Anchorage’s Polynesian-American community pleading for donations for Tonga
ANCHORAGE, Alaska (KTUU) - Alaska’s Polynesian-American community is starting to hear from loved ones in Tonga more than a week after mother nature left a disastrous mark on the island, and locals with ties to the area are pleading for help.
An undersea volcano erupted on Jan. 15, causing significant damage to the nearby island nation of Tonga and largely cutting its people off from the outside world. People in Alaska with ties to Tonga are trying to figure out what to do to help their loved ones.
“I’m begging you. I’m asking you to help,” said Fehoko Pulu, a representative for the Tongan community. “With your help, we’ll make a difference on our people.”
He still hasn’t heard from his siblings.
“We cannot sleep good at night because (we’re) wondering how they’re doing,” Pulu said.
Pulu said he has an idea of what people on the island are going through right now. He endured a similar situation while living in Tonga in 1982. A cyclone hit the nation that year. That storm is said to possibly be Southern Tonga’s most severe storm in 100 years.
“Standing over here and speak(ing) about my people, I know the feeling. I know it’s hard,” Pulu said.
Lusiana Hansen with the Polynesian Association of Alaska said people in Anchorage can help get Tongans the supplies they need. She said Tongans mostly live on what they provide for themselves. However, after the tsunami, they can’t do what they normally would.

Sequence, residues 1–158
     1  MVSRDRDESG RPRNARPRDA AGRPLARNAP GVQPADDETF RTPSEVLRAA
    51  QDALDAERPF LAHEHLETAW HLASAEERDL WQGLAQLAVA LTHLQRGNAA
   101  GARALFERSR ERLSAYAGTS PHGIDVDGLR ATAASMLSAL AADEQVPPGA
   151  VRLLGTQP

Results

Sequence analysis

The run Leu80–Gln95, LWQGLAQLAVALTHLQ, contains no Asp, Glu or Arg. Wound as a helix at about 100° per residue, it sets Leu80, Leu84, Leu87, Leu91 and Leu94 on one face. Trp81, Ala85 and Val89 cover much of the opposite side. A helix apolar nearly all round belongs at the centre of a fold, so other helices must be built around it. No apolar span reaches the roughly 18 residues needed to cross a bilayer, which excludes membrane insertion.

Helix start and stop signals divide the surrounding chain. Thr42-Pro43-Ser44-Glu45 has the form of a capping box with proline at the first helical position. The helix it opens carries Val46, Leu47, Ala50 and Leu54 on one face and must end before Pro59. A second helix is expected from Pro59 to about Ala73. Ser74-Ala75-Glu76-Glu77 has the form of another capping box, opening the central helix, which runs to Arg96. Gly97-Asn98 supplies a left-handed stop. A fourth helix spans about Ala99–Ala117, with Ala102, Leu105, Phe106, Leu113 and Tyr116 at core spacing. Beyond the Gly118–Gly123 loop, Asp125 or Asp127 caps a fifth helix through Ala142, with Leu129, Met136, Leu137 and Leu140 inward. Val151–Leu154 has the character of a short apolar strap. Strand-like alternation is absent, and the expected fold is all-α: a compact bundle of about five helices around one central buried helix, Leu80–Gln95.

“The water is contaminated. And they don’t have no clothes because it was covered with the ocean with the water coming in and also the ashes,” Hansen said.
On Tuesday, donations were being accepted at a local church. The association is accepting things like canned food, toiletries, shows, clothing and tents.
“They need help, we should help them,” Rina Papalii said as she was sorting through donations.
But the need doesn’t stop there. The association is searching for help, taking a container of donations down to the US West Coast to get it on a ship directly to Tonga.
“If some company would like to donate their driver or their truck, we would like to fill up a container of all these goods and supplies to ship to the island of Tonga,” Hansen said with tears falling down her cheeks.
Hansen said the association is also working with Mayor Dave Bronson’s to see if it can help get the donations to Tonga.
The Polynesian American Association has sent supplies to Tonga before. Hansen said that in 2010, the group collected nearly 50,000 books. They were trucked to California and sent to Tonga by ship.
A library was created with the donation, but Hansen said a different tsunami demolished it a few years later.
Donations can be delivered to:
- 2600 E 16th Ave.
- 2501 Maplewood St.
- 3304 W. 40th Ave.
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